Why Being Someone’s “Favourite” Is Not a Compliment

Last week, another teacher and I were chatting in the hallways. She was exhausted from invigiliating exams all week – she’d been assigned the bulk of the responsibilities for the secondary 4s and 5s – and was considering taking the Friday off.

With a giant sigh, she said, “I won’t ask for a sick day. I’ll just ask for it unpaid, so as not to [annoy] the principal.” I told her that I was going to take next Friday off too, to get my tires changed* in Val D’Or. Normally, taking time off work for vehicle maintenance happens only under emergency situations, but the principal decided to be flexible when I explained that I had a long way to drive – 1300 km – and I didn’t feel comfortable heading to Toronto without getting the car checked first.

My coworker shrugged her shoulder and nonchalantly said, “Well, of course you’ll get the time off. You’re one of her favourites.”

I was taken aback by this comment. I know it wasn’t meant to be hurtful, but I took it with a sting. I couldn’t put my finger on why I felt this way. Only after a few days of digesting it, I came to a conclusion.

Before I continue, I need to clarify that I don’t consider myself the principal’s friend. My boyfriend, J., who also works at the school in the IT department, is friends with her. In fact, his family even has history with her! J.’s brother, many decades ago, used to hang out with the principal in his 20s. J.’s family still lives in the same neighbourhood as her parents and the two couples still go to the same church.

Therefore, J. naturally became fast friends with the principal. The two of them often catch up while passing in the hallways; she can easily confide in him on issues or personal thoughts that a superior generally would not divulge, due to the nature of the professional relationship**. However, she and I do not have this type of relationship. To be honest, I often feel and act totally awkward and geekish around her. While I respect her immensely – she is one of the best bosses I’ve had – I wouldn’t give her a call on my holidays to hang out one-on-one.

No, not even for coffee.

What I know is that my supervisor respects me too. She values me as an integral part of her staff. I am a contributor, as I have brought to the table, many insights and ideas (i.e. showing her a sales pitch and subsequently having the school sign a big, fat cheque for a good product). I can make good decisions on my own. I’m introspective and am constantly working to improve my lessons; I do this by researching, reading and participating in conferences for. On a regular basis, I interact with others professionally by sharing ideas with teachers in other communities. I rarely have conflicts with coworkers.

In short, I make her job easier. And that is what all bosses want. You do your job and you stay out of the boss’ way. You’re not entirely invisible, but you make the boss look good and feel good. As I reflect over the last 10 months, I can confidently say that yes, I’m an asset to my coworkers and an asset at my school. I am valued.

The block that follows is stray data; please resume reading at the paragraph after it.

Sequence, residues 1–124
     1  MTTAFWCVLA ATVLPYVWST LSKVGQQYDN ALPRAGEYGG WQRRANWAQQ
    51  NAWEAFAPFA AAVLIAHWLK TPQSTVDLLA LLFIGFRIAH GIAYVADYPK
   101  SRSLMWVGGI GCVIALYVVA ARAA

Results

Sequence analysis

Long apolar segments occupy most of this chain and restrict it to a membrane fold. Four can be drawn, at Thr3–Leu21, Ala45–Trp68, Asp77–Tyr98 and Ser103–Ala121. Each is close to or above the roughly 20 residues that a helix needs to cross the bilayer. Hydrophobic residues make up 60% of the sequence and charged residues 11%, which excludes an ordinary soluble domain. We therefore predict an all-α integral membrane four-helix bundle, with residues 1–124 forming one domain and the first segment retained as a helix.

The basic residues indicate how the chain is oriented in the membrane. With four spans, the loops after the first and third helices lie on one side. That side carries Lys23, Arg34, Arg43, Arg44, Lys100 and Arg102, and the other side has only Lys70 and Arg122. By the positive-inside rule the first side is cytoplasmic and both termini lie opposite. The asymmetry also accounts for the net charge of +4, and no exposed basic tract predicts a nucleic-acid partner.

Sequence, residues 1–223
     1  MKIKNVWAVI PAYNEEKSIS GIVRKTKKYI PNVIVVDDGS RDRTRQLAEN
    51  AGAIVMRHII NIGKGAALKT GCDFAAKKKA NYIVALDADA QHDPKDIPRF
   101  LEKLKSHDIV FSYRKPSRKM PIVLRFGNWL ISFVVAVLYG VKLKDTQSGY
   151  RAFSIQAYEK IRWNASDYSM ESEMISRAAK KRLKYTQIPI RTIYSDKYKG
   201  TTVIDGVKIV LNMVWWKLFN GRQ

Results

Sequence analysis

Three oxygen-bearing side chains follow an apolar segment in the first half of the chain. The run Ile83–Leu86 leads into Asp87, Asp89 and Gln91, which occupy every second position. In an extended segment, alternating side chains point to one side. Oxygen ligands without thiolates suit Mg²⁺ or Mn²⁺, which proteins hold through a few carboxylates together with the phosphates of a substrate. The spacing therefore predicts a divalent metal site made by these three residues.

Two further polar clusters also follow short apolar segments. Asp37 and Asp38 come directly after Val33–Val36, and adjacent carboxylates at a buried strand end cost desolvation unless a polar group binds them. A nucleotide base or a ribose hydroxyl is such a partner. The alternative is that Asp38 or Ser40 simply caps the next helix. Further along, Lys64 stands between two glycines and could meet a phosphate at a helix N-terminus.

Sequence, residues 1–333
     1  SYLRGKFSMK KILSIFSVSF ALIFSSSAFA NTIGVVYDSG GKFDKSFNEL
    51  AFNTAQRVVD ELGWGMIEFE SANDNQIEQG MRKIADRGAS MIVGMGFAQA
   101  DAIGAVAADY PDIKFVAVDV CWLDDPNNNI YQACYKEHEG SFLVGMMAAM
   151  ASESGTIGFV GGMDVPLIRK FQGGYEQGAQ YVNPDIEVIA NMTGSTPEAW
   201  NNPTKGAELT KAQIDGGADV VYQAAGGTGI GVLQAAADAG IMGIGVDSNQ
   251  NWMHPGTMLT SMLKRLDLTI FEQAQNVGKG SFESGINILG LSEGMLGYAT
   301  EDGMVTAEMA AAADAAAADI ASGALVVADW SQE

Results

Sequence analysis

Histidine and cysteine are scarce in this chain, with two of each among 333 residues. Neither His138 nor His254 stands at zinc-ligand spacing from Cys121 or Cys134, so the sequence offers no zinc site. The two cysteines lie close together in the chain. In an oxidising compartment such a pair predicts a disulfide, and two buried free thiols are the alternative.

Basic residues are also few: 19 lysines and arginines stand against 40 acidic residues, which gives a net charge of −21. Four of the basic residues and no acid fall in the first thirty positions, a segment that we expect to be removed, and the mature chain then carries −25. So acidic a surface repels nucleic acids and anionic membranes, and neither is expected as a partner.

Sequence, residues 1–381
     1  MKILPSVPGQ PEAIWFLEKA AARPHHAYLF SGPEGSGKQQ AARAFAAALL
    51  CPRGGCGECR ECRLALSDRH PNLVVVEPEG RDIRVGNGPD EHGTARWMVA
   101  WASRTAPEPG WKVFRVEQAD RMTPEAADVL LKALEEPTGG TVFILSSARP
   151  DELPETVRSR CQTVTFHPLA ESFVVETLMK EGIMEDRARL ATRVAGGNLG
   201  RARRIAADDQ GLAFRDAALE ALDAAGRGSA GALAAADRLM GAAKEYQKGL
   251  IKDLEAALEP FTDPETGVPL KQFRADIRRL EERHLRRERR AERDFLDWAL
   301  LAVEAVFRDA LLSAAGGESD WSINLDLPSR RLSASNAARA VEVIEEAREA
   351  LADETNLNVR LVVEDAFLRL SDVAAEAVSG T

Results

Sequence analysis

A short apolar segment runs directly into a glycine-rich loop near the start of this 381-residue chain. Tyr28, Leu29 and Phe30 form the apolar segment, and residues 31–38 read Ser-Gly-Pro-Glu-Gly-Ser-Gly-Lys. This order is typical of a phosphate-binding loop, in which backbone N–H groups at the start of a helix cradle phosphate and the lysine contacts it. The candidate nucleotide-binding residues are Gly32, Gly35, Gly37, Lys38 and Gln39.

Which goes back to my original point: being someone’s “favourite” has nothing to do with value. You can be well-liked, but that doesn’t mean you are contributing anything. I may like a coworker because of her humour, or her charm, but it doesn’t recognize whether she is offering anything of value.

To be valuable as a teacher in a school, one has to bring ideas and solutions to the professional table, so to speak. The teacher has to be up for challenges, day in and day out, however persistent the issues may seem. He/she has to stand up in front of students and be at his/her best, even when she/he doesn’t feel like it or is going through personal issues.

What the term “favourite” actually does, is devalues your skills, your capabilities and your expertise by not naming them. Being someone’s “favourite” is not a compliment. What would have been a compliment would be, to say, “[The principal] feels that you’re reliable and trustworthy in making that request”. Or perhaps she could say, “You work hard enough that she trusts your judgement to say ‘yes’ when you ask for time off.”

I haven’t mentioned this conversation to my coworker, nor do I intend to. However, the next time someone says this to me, I will definitely make it a point of explain why she shouldn’t be using that phrase.

*Yes, I’m still in my winter tires.
 They’re stored about 600 km away, at the nearest Honda dealership.

**It should be noted that J. is not her subordinate, which makes it easier for her to share personal thoughts.


2 thoughts on “Why Being Someone’s “Favourite” Is Not a Compliment

  1. Excellent points. I have a really good relationship with my current boss but that wouldn’t be enough if I wasn’t also competent at the minimum. That said, we shouldn’t discount likeability – whether we realise/acknowledge it or not, it definitely plays a part.

    • I know professional coworkers who work hard at their job, but can have an awful attitude during meetings.

      So yes, it does play a part. I suppose I just don’t feel it should be the main criteria, because I see people who are likeable but are not productive.

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